While choosing a security plugin, you need to ensure it does the following in order to stay protected against CSRF attacks:

  1. Regularly scans your website for any malicious scripts.
  2. Combs through all files and databases of your website.
  3. Has the ability to spot any kind of malware – including new, hidden or disguised. (Some plugins only search for already-discovered malware.)
  4. Alerts you if there is any suspicious activity on your website.
  5. Gives you an independent dashboard so that you can clean up your website even if a hacker locks you out of your own admin account.

A plugin that gives you such protection and features is MalCare. Once you install the plugin on your WordPress website, it will enable you to get rid of any CSRF attack. It will also get rid of WordPress malware a hacker might’ve added to your site during the hack.

Your website will be protected with a proactive firewall that will block malicious IP addresses and bad bots from visiting your website.

If a hacker manages to hack your site using a malicious cross-site request, this WordPress security plugin will alert you immediately. You can then take action immediately using the same plugin.

3. Harden Your Website

WordPress recommends that you take certain measures to harden your website. This will make it extremely difficult for hackers to break in. We’ve covered a few measures in brief but we recommend reading our extensive guide of WordPress Hardening.

As many of these points are a bit technical, the detailed guide will help you get a better understanding of it. Here are a few hardening measures to prevent or reduce the damage caused by CSRF attacks include:

a. Use Two-Factor Authentication

Having two-factor authentication adds an extra layer of verification of users. A user will have to enter their login credentials, after which a second password will be required. This could be a one-time password sent to the registered email or phone number of the user. It could also be an authentication number generated by an app like Google Authenticator.

b. Block PHP Execution in Untrusted Folders

If a CSRF attack enables a hacker to get access to the files of your website, they can execute PHP functions to perform malicious tasks. (PHP function is a block of code written in a program). You can also disable the PHP executions in places where it doesn’t need to happen.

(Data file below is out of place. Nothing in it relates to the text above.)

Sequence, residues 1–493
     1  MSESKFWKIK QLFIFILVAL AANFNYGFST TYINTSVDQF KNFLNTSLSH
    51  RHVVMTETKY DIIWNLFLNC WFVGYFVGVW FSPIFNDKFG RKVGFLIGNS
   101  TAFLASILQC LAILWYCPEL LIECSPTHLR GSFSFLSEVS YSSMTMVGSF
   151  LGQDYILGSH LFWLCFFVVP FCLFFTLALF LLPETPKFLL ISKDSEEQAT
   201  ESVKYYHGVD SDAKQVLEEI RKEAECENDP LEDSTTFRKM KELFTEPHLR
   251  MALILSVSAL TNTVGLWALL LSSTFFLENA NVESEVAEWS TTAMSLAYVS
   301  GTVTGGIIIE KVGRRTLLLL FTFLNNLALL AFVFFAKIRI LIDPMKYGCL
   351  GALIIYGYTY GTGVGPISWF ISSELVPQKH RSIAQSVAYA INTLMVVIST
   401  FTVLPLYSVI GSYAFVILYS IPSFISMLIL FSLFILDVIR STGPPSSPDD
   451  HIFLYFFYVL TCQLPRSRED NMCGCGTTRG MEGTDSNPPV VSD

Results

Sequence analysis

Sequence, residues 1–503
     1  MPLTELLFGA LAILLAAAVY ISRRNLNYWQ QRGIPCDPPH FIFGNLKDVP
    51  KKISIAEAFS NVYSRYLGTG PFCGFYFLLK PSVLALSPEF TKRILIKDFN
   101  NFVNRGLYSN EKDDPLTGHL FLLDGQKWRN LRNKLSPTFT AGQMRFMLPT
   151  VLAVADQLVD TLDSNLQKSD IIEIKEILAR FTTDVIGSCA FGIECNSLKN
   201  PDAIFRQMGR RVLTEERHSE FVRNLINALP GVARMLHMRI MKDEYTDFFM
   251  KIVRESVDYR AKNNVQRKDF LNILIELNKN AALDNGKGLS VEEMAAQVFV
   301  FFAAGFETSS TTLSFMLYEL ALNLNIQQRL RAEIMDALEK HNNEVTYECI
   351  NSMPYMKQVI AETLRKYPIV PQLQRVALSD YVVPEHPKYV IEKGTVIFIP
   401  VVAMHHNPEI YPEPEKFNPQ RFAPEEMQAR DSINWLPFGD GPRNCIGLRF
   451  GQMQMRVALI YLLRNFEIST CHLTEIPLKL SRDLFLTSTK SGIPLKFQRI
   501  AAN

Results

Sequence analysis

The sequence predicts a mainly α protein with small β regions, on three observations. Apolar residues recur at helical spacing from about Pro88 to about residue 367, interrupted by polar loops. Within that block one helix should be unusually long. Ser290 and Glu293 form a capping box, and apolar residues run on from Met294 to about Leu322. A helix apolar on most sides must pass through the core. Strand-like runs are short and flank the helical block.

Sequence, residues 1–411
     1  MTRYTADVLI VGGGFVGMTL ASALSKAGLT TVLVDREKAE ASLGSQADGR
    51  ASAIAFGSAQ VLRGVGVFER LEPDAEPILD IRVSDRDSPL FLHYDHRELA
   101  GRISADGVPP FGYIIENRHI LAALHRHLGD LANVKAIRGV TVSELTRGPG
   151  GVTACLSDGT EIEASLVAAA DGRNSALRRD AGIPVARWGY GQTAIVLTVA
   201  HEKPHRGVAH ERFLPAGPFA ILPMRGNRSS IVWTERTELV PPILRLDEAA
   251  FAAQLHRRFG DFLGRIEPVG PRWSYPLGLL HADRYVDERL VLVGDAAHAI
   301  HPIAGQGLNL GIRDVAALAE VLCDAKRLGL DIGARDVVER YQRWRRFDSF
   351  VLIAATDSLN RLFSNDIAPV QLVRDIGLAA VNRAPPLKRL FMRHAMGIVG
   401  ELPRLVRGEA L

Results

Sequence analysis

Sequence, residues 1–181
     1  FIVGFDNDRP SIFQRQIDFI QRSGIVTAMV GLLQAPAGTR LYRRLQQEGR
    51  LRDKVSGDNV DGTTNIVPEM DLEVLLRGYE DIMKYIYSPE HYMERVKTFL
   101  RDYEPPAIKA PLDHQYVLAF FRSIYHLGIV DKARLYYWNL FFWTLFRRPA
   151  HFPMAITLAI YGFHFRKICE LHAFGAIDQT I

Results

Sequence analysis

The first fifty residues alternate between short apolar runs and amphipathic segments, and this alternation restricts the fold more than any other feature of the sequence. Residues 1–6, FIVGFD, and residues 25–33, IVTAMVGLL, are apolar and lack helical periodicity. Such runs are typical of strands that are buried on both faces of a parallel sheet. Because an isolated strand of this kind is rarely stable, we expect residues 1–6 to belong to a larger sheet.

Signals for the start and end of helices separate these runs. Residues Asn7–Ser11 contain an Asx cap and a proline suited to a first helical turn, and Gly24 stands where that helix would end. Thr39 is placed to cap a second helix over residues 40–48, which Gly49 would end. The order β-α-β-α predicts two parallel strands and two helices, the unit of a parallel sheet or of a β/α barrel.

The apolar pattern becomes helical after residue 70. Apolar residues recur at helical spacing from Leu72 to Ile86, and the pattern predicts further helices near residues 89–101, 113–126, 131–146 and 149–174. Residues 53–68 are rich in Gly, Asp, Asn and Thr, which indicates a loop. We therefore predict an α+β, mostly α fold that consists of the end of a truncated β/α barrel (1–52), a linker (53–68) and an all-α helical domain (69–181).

c. Disable File Editor

If a hacker gets access to your WordPress Administrator account, they can take full control of your website. On the dashboard, they can access “Editor” under your plugins or themes. Here, they can edit or upload their own scripts to display their content, deface your site, SEO spam your users, etc.

d. Change Security Keys

You might’ve noticed you don’t have to enter your login credentials every single time you want to access your WordPress account. It’s already populated in the designated fields. To ensure this information is safe from hackers, WordPress uses security keys that encrypts and stores this data.If a hacker breaks into your site using a CSRF attack, they might get access to this information. They can then change it to something else and use it to keep logging into the admin account of your website when they want.

  •  You can apply these hardening measures manually as explained in the guide we recommended. Or you can use MalCare to implement them in just a few clicks.

4. Delete All Unused Themes & Plugins

The more plugins and themes you have installed on your website, the more opportunities the hackers have to exploit. It’s best to delete any unused plugins and themes and keep only the ones you use.

Besides these, you can also take a few more security measures like moving your site from HTTP to HTTPS, installing a security plugin, and protecting the login page.

Final Thoughts

CSRF attacks have serious repercussions for both the user and the website.

If a hacker is successful in running their scripts through the HTTP request, they can take over your website. After this, there’s no telling what they can do. They could deface your website to display their own propaganda or sell illegal products or drugs. They could also redirect your website’s visitors to their own websites.